“That doesn’t mean to say that there haven’t been some really awful moments this past year, though. Moments when people have been so frank in how unacceptable I am in this role because of my gender.
“I am polite and I smile, I thank them for sharing their opinion with me.
“Then I have a huge cry on my own, I never cry in front of people.
“I don’t doubt myself because I am sure I am the right person for the role; a role which is about belief after all.
“There are some days I can barely speak because I am so tired.
“I am campaigning against gendered violence and women have come forward to me with their stories.
“I have heard quite a few historic stories from elderly ladies, and they have told me of the violence they endured.
“They have kept it a secret for decades and I don’t think they tell me because they want some sort of retribution.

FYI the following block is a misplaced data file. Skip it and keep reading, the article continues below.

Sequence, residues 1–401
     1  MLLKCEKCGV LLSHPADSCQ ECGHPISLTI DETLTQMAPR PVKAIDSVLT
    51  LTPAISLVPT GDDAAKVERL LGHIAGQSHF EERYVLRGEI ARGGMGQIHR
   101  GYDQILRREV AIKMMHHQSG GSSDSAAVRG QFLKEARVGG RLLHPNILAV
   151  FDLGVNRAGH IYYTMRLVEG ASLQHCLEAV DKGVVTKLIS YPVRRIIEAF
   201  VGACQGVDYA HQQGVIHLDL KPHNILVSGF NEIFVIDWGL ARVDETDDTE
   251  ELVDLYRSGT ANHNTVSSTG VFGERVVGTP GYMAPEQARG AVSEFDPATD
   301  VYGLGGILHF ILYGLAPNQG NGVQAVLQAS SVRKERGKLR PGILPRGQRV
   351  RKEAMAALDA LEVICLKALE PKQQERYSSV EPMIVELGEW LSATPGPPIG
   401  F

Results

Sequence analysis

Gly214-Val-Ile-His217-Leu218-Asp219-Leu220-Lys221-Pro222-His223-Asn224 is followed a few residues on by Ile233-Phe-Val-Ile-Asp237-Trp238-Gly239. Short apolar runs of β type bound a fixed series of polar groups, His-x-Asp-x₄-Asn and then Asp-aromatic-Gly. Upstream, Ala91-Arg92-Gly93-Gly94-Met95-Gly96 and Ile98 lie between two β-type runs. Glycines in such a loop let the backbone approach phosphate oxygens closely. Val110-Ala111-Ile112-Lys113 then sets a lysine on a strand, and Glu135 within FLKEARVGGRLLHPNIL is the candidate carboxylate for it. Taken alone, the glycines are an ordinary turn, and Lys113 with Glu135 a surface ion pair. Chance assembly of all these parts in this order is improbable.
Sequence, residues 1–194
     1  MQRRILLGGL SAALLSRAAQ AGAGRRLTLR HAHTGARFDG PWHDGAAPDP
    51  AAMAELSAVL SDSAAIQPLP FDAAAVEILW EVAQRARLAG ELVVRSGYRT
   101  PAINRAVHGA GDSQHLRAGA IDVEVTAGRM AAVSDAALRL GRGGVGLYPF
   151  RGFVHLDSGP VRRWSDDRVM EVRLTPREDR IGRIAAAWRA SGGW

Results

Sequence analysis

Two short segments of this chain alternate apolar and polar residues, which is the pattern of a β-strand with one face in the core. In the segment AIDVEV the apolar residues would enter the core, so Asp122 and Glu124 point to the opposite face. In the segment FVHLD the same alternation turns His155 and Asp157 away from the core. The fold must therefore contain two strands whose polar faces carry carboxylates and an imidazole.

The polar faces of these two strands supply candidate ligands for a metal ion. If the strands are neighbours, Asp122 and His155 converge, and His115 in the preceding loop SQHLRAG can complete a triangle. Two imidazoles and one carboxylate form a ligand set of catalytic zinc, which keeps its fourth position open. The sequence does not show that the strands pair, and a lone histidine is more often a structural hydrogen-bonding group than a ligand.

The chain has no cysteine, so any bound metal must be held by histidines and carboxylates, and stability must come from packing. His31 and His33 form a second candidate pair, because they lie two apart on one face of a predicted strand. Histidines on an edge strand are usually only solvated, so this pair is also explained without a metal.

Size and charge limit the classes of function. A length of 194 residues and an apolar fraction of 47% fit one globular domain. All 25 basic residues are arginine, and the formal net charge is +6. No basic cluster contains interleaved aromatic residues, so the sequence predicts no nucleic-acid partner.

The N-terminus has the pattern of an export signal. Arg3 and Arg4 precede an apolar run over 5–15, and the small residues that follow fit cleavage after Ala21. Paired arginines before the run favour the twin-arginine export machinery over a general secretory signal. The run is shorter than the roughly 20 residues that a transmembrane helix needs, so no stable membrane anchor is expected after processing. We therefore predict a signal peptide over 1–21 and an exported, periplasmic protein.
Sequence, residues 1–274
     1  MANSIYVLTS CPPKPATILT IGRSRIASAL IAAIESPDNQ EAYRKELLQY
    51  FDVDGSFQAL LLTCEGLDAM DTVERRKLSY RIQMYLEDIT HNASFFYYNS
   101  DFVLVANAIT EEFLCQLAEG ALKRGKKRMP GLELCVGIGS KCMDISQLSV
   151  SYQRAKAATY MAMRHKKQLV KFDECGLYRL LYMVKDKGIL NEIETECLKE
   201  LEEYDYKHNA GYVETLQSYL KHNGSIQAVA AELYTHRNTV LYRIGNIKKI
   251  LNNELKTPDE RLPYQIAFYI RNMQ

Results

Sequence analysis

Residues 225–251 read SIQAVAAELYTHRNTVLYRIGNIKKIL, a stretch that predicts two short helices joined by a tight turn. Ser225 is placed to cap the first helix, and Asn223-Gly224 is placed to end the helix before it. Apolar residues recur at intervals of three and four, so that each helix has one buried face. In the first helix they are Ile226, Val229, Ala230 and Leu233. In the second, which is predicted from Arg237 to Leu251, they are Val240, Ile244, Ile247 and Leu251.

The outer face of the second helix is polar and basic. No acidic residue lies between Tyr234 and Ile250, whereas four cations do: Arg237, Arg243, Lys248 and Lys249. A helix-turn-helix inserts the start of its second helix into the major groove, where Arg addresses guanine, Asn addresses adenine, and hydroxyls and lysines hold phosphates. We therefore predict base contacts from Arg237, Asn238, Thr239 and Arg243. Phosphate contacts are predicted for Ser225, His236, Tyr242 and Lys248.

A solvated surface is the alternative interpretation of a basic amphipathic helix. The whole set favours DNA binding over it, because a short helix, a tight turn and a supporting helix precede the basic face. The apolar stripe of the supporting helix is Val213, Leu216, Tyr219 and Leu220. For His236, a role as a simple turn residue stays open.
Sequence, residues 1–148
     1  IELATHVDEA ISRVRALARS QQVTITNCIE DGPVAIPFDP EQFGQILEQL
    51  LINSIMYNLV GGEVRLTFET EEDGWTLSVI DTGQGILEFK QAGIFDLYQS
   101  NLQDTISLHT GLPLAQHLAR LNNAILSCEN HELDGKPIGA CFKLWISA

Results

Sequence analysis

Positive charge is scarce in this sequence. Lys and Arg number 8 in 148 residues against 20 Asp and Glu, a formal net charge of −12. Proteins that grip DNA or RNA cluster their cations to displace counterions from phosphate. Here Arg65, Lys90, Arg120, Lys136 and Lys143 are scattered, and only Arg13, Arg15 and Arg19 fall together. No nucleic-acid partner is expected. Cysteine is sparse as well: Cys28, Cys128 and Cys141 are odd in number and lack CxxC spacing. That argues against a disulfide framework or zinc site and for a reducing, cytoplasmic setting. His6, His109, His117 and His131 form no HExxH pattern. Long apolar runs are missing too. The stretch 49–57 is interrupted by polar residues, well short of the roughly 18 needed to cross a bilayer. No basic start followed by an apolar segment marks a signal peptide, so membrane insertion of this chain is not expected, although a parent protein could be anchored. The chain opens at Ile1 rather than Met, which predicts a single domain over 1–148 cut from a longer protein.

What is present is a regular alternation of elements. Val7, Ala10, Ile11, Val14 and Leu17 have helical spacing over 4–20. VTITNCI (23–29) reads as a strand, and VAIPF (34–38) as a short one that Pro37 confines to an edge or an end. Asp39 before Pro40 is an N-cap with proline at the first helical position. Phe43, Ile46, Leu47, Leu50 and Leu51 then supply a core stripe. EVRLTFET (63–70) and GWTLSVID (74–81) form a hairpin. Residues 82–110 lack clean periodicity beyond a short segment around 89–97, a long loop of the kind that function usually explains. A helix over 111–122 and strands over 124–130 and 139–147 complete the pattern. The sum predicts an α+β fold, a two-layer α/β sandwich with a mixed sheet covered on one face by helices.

“I think by telling me, they find some sort of closure.
“Two women are killed each week by a current or former partner – that’s shocking.
“We have got to make change because we aren’t talking about this.
“We aren’t asking why women are getting murdered.
“We aren’t asking why cases of rape are not making it to court or why there are not many successful prosecutions.
“It’s my role to listen to people and some of the things I’ve been told are just horrific.
“But I make it my business to chat to people, especially when I’m on the bus.
“I always say good morning very loudly and chat to whoever is sat or stood next to me.
“Dementia is very much on my radar because it keeps coming up in conversations.
“Once you’ve exchanged pleasantries and you get to talking about the real stuff, people often mention caring for elderly relatives.
“I think we’re a very anxious society for numerous reasons, Brexit being one of them.
“People act out in different ways but I’m excited for what the next year has to hold.
“It is my stance in life that you should never try and be anyone other than yourself.